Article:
(December 11, 1897—February 16, 1992) was an American nature writer
whose childhood journal was first published in 1920 as The Story of Opal
in serialized form in the Atlantic Monthly
, then later that same year as a book with the title The Story of Opal: The Journal of an Understanding Heart
Whiteley's true origins and the veracity of her diary were disputed during her lifetime, and continue to be questioned today.
Whiteley claimed to be the daughter of Henri, Prince of Orléans
, who died unmarried in 1901. According to Whiteley, she was taken to Oregon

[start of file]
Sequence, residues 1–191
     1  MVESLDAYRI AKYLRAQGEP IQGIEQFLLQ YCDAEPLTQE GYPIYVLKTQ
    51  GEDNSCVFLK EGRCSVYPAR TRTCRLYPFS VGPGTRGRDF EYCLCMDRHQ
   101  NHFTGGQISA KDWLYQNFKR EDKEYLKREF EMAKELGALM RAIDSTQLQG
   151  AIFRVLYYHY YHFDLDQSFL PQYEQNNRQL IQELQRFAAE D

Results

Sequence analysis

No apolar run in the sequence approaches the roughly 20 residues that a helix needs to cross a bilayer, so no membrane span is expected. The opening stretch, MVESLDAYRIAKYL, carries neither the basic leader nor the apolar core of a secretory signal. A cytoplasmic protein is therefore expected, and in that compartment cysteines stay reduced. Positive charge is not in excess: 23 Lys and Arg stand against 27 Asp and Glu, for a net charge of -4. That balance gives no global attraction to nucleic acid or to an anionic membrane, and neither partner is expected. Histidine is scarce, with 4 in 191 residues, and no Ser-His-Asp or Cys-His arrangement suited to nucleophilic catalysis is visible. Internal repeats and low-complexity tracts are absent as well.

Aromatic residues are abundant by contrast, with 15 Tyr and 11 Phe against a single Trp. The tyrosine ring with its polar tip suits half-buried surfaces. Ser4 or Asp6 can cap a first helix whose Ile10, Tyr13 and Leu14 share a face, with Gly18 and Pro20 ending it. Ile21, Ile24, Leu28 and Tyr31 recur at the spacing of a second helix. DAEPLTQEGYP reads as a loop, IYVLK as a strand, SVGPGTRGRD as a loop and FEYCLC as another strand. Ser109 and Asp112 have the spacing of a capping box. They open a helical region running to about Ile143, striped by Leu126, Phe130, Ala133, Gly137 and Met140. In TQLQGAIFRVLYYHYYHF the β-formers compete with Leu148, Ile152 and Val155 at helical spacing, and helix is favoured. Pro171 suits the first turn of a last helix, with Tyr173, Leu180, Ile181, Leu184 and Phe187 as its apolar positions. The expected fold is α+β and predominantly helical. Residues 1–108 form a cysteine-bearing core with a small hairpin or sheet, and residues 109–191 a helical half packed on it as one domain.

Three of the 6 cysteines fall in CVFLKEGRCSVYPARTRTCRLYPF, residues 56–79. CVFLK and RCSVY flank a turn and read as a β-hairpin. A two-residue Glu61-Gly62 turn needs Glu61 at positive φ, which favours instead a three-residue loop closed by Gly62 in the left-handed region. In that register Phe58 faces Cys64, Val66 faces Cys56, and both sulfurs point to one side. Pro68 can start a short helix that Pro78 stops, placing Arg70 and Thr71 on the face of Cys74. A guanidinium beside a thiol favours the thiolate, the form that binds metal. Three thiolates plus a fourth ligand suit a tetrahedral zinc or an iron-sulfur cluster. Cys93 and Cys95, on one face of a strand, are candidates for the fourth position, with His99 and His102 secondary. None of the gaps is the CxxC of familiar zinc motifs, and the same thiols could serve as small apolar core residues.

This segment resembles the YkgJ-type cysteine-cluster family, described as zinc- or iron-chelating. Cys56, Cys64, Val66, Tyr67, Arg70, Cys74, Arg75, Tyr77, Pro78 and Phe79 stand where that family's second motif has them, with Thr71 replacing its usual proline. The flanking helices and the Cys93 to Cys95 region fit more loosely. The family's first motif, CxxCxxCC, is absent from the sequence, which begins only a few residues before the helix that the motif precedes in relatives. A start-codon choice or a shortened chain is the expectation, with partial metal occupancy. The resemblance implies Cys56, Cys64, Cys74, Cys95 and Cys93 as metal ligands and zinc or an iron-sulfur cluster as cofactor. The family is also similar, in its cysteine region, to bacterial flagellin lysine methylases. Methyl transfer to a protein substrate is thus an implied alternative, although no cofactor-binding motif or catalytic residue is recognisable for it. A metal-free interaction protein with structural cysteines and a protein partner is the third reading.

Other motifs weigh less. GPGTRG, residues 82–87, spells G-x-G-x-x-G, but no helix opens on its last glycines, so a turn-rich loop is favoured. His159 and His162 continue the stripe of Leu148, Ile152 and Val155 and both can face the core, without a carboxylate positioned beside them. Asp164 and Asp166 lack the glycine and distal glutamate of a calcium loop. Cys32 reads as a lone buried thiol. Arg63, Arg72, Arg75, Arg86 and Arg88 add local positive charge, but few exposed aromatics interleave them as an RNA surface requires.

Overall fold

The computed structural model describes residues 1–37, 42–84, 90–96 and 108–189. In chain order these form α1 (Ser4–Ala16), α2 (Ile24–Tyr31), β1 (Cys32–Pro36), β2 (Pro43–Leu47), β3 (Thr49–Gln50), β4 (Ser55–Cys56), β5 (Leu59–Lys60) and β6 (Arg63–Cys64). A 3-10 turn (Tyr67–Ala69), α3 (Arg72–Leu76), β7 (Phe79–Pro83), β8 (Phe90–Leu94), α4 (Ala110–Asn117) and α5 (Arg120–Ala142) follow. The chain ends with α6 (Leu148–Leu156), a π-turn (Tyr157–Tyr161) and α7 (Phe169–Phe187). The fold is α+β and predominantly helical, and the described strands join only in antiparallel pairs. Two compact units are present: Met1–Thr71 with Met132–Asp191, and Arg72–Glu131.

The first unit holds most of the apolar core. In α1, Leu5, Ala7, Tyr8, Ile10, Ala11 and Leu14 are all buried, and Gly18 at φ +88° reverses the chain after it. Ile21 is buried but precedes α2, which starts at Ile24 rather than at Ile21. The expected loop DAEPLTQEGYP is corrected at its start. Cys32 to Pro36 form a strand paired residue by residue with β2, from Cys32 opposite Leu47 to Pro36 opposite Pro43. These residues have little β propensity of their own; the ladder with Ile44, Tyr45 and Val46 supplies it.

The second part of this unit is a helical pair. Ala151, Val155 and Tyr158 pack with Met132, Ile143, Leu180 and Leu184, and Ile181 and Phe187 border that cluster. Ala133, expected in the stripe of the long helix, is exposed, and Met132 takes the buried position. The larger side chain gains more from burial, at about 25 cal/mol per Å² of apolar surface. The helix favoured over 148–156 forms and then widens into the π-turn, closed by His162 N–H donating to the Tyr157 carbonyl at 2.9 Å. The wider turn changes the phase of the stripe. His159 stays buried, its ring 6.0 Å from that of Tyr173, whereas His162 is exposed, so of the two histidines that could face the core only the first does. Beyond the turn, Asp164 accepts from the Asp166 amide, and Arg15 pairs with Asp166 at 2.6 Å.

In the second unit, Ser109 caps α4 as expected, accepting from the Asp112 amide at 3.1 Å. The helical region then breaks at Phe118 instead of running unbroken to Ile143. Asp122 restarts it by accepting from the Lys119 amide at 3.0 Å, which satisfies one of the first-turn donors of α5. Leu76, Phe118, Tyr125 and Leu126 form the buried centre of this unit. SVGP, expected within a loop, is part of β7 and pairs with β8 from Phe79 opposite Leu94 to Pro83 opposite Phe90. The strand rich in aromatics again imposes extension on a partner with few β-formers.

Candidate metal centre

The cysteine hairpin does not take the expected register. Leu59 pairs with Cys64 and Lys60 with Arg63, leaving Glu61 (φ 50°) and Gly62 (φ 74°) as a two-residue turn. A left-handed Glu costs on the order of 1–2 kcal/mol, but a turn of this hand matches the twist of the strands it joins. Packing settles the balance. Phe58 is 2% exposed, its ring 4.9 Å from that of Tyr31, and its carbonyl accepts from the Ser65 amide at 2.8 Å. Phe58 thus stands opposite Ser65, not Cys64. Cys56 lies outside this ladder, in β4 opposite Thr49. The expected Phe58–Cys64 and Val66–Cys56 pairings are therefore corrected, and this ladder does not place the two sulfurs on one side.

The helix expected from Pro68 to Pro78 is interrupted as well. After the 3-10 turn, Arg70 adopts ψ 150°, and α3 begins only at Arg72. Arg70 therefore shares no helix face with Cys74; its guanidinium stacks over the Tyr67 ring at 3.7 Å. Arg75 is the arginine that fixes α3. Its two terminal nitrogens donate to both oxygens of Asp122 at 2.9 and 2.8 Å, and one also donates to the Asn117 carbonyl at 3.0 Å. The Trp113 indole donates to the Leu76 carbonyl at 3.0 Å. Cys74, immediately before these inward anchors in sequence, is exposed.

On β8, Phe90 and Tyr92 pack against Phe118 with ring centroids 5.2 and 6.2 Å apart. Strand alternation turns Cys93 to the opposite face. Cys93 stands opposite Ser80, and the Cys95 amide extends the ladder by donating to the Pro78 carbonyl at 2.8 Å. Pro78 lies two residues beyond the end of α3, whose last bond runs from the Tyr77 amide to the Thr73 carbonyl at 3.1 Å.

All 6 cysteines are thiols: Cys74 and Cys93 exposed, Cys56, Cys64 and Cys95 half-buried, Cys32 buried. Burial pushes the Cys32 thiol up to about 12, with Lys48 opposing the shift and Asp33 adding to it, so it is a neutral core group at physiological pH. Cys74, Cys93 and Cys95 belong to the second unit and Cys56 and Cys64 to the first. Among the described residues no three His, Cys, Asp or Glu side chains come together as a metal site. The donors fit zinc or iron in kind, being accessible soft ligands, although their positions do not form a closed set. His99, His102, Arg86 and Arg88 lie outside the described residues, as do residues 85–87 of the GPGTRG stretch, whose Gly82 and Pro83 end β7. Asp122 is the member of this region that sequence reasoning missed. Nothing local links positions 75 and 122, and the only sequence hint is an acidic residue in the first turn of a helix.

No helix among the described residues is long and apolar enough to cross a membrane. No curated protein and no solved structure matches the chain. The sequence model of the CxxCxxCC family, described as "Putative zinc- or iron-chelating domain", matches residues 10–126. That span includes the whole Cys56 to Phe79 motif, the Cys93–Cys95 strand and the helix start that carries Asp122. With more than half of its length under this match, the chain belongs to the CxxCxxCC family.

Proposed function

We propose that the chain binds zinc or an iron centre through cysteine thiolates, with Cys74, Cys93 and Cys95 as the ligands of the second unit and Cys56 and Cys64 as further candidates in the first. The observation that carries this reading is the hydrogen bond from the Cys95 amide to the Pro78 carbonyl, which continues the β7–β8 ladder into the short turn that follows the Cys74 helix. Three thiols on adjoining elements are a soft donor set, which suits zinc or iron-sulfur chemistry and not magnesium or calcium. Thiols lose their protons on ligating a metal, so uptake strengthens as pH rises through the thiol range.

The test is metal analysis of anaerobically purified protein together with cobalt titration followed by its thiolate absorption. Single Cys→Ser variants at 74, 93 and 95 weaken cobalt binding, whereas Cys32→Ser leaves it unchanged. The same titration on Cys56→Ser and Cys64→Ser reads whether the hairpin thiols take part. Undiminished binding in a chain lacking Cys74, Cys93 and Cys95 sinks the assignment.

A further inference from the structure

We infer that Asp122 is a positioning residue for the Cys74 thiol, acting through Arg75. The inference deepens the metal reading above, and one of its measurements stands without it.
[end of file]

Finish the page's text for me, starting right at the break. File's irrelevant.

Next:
in 1902 and brought to a lumber camp where she was adopted by Ed and Lizzie Whiteley. While Opal Whiteley used several names during her lifetime, the one she preferred and was later buried under was Françoise Marie de Bourbon-Orléans
Family members claim that Opal Irene Whiteley
was born in Colton, Washington
, the first of five children. In 1903, after having spent almost a year in Wendling, Oregon
, the Whiteley family moved to Walden, Oregon
, near the town of Cottage Grove
. Whiteley grew up in small towns near various lumber camps, usually in poverty.
Whiteley claimed (and her grandmother Acseh Smith concurred) that Whiteley's mother often disciplined her with severe corporal punishment
. Whiteley's diary includes many accounts of punishment by "the mamma." The negative portrait of her mother caused Whiteley to become estranged... Read More